Hizballah Considering Satellite Broadcasts
ICT Academic Director
On March 9th the London-based Arabic newspaper Al-Hayyat reported that Hizballah’s South Lebanese TV station Al-Manar has decided to start broadcasting via satellite transmission. Muhammad Ra`d, a Shi`ite member of the Lebanese Parliament and the largest shareholder in Al-Manar made the announcement following a meeting with the Lebanese Minister of Transmission.
Al-Manar TV currently dedicates most of its broadcasting to Hizballah military operations against Israeli soldiers in South Lebanon, broadcasting from the field and displaying photos of dead Israeli soldiers. The station also broadcasts the declarations and speeches of Hizballah leaders, primarily secretary-general Sheikh Hasan Nasrallah.
Naif Krayyim, the executive director of Al-Manar said negotiations were in progress with several satellite stations, including the Saudi “Arabsat,” the Egyptian “Nilesat” and “Eutel Sat,” which broadcasts to Europe. He mentioned that there was a dispute over the religious content of the TV station, which is regarded as quite extreme, but tended to downplay this point as an obstacle. He promised that Al-Manar “will not broadcast material that might raise delicate issues in the Arab World.” He made it clear that the aim of the satellite transmission is “to present a different picture of the Islamic resistance in Lebanon and its relationship with the Lebanese authorities.” He added that Al-Manar was seeking the commercial and advertising market of the Gulf States following a successful tour to the UAE and Qatar, where he held talks with potential advertisers.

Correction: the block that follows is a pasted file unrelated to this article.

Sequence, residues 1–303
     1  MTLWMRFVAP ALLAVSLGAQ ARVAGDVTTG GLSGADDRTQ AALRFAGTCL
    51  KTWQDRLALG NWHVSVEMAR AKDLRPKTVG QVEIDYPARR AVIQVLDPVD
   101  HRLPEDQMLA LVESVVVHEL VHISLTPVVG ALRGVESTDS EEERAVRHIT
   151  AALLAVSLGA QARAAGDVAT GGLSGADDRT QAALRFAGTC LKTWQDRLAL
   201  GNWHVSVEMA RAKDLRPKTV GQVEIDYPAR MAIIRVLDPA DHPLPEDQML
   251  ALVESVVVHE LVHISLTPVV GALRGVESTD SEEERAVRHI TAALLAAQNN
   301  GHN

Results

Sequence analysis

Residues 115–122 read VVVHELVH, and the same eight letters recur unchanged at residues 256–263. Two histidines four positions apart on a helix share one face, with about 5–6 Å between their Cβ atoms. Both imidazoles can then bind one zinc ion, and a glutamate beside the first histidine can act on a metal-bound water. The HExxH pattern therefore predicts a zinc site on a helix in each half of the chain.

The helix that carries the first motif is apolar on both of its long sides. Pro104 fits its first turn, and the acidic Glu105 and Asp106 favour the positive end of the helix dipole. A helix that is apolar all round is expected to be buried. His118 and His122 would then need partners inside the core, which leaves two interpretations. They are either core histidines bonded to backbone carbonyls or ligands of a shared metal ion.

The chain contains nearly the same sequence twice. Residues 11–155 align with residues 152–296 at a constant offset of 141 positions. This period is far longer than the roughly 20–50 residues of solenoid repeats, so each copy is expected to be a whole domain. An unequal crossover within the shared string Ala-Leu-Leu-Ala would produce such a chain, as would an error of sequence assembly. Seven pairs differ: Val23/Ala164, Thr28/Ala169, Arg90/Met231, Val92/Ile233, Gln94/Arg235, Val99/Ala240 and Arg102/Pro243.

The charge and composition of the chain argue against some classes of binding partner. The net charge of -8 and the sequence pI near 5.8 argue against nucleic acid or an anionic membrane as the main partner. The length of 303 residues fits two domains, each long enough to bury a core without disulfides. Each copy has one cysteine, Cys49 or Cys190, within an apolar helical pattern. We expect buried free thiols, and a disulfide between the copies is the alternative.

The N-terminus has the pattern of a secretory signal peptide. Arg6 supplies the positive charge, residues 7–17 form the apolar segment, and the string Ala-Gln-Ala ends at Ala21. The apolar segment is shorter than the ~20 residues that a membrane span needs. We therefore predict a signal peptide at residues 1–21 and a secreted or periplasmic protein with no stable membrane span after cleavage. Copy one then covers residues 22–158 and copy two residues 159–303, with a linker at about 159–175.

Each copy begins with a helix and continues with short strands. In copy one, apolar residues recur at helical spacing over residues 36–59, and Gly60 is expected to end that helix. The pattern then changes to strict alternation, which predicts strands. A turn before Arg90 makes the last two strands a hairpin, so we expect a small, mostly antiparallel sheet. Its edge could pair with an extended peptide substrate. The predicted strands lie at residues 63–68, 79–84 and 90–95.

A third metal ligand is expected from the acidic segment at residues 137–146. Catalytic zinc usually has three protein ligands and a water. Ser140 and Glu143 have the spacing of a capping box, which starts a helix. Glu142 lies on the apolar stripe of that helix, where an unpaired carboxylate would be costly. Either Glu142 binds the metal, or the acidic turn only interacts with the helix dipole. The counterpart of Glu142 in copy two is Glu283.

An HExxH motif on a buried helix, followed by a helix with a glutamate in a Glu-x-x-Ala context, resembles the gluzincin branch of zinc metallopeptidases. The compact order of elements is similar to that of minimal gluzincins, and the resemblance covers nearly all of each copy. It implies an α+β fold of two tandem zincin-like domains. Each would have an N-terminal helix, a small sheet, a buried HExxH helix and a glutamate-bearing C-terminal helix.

Al-Manar recently announced that “the station has completed all the technical preparations and the necessary studios and facilities to start in transmitting the resistance.”
Propaganda via satellite
It should be noted that following the coverage of its operations in South Lebanon Al-Manar became an important source for foreign news agencies and TV stations where Hizballah activity is concerned. The movement’s leaders have often stressed the importance of the station for influencing Israeli public opinion, as well as the place of propaganda as an offensive weapon.
Hizballah is in fact extremely efficient in its use of propaganda, both in its struggle against Israel and its internal goals on the Lebanese scene. This is true not only with regard to its TV station but its websites as well. This propaganda has a only a minimal affect on Israeli society and public opinion, which is divided in the case of the Israeli presence in Southern Lebanon. However, Al-Manar’s transmissions are frequently cited by the Israeli Media, which often rebroadcasts photos from various Hizballah operations, and this most likely does have some effect in Israel.
The shape of things to come?
If Hizballah is permitted to broadcast by satellite, it will be the first guerilla/terrorist movement to have such propaganda facilities. The significance of this lies not only in the precedence set for other organizations, but in the excellent opportunity thus given to the Iranian revolutionary Islamic ideologues to distribute their ideas to the Sunni Arab world, primarily Saudi Arabia and the Gulf States. Even if in the face of the decline of the influence of extremist religious trends in Iran itself, the regime could still continue to distribute its ideas through Hizballah, whose religious leadership has is as orthodox today as it was in the days of Khomeini.
This should also be a point of concern for the Syrian government. For if Israel goes ahead with the withdrawal from Lebanon in July 2000, the result will be among other things the refocusing of Hizballah’s attentions on the Lebanese internal scene, a situation which will provide an outlet for the organization’s considerable propaganda talents.
The possibility of Hizballah’s use of satellite broadcast should also focus the attention of counter-terrorism experts on the connection between terrorism and the media on one hand, and cyber-terrorism via propaganda, on the other. Above all, the issue highlights yet another area in which international counter-terrorist cooperation is long overdue.